By the mid-1950's K. C. Lee controlled about one-eighth of total world trade in natural rubber. He owned such enterprises as the Lee Rubber Company, with about 15 factories; the Lee Rubber Estates, which totaled about 18,500 acres; the Lee Pineapple Company; the Lee Sawmills; the Lee Oilmills, which processed palm oil; Lee Biscuits; the Lee Printing Company; and the Lee Produce Company. His foreign holdings included the Hok Tong Company, established in Indonesia in 1932; the Siam Paktai Company, which began operations in Thailand in 1934; and the South Asia Corporation, which was organized in New York in 1938. In addition, Lee was either a controlling or a major shareholder in such public corporations as the Overseas Chinese Bank and Association, the Great Eastern Life Assurance Company (a joint Sino-European enterprise;, the Eraser and Neane Corporation, the Sime, Darby Company, and the Straits Times Corporation. In sum, he became by far the most important Chinese entrepreneur and investor in Southeast Asia.
Although K. C. Lee usually sought to avoid publicity, he took an active part in community and educational activities in Singapore. From 1939 to 1954 he was president of the Chinese Swimming Club, an important position because Asians were excluded from European recreational facilities and the creation and maintenance of facilities equal to those of the most exclusive European ones became a matter of honor among Singapore Chinese. From 1931 to 1957 he served as chairman of the management Committee of the Singapore Chinese High School, which became one of the best and most modern private high schools in Southeast Asia, although it sometimes drew criticism as a center of radical student activity. Lee's contributions to educational institutions, either directly or through the Lee Foundations, amounted to millions of dollars. In 1958 he assumed the chairmanship of the Singapore Council of Social Service, the central organization for directing and coordinating social service, charity, and relief work in Singapore. A citizen of the State of Singapore, he supported the efforts of the Singapore government to promote the Malayanization of the Chinese residents of the area. In 1961 the Singapore government and the Federation of Alalaya agreed to change the name of the University of Malaya, at Singapore, to the University of Singapore, paving the way for the establishment of the National University of Malaya at Kuala Lumpur. K. C. Lee was named as the first chancellor of the University of Singapore on 25 January 1962, and he formally assumed office on 12 June. In November 1965 he resigned because of ill health. He died in Singapore on 2 June 1967.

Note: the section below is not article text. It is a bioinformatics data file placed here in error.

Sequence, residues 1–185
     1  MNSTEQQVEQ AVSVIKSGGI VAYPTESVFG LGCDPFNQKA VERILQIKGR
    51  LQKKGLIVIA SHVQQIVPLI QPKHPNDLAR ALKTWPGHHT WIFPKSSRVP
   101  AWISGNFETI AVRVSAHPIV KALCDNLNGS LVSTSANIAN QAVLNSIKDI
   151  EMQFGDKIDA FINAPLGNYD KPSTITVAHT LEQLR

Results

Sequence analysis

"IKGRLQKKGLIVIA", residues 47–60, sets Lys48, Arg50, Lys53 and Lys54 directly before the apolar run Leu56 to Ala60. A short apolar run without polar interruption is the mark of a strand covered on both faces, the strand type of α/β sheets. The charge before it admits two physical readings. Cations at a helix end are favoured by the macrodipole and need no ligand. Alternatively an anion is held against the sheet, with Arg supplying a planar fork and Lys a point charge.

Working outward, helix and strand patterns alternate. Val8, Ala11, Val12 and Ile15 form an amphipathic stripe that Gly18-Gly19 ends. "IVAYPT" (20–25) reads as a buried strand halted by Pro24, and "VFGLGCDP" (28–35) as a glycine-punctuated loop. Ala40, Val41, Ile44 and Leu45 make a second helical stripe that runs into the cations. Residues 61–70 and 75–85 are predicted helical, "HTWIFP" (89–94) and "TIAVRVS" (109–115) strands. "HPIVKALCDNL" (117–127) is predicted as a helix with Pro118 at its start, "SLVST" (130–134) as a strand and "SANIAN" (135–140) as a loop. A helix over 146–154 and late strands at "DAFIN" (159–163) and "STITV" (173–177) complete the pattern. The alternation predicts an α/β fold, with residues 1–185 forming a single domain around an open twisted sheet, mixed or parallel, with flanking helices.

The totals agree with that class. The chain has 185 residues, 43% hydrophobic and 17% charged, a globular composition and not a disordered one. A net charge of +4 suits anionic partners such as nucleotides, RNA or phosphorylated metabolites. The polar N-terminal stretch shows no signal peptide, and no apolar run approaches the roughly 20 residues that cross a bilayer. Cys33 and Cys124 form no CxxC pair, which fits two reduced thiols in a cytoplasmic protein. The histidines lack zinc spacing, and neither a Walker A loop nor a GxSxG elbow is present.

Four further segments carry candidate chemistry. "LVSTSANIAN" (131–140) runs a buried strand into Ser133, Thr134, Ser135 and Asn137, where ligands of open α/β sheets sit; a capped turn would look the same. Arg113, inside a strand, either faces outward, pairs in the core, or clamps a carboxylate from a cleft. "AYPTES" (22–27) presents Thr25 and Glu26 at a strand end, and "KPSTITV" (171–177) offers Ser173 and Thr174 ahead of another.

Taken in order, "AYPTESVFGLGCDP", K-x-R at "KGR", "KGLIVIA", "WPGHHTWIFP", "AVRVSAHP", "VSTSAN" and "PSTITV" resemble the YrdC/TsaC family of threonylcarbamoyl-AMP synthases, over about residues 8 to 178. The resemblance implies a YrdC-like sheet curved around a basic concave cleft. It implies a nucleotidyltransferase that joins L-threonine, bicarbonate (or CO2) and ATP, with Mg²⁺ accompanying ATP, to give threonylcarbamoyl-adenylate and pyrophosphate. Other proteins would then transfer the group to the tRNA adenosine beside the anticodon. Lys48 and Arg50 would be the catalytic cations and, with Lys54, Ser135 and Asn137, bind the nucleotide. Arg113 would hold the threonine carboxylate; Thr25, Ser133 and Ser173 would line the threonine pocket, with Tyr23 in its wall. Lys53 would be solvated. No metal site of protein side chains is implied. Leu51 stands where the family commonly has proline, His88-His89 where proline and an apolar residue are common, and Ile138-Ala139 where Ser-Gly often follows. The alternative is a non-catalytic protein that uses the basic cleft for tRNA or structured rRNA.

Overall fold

Throughout his life, K. C. Lee lived quietly and modestly, earning a well-deserved reputation as a hard and serious worker who was more interested in the processes of business than in money. He had three sons, Seng Gee, Seng Tee, and Seng Wee, and three daughters, Siok Kheng, Siok Tin, and Siok Chee. Seng Gee, who became managing director of the Lee Rubber Company, and Seng Tee, who became managing director of the Lee Pineapple Company, were graduates of the University of Pennsylvania. Seng Wee, a graduate of the University of Ontario who majored in electrical engineering and economics, became a director of the Lee Rubber Company. Siok Kheng, a graduate in medicine of the University of Melbourne, became a doctor at the general hospital in Singapore; Siok Tin became a teacher at the University of Singapore; and Siok Chee, a graduate of Teachers College, Columbia University, became a lecturer at Nanyang University in Singapore. K. C. Lee's younger brother George Lee Giok Eng (1898-) owned and controlled George Lee Motors and Nanyang Printers, which owned several important newspapers in Southeast Asia.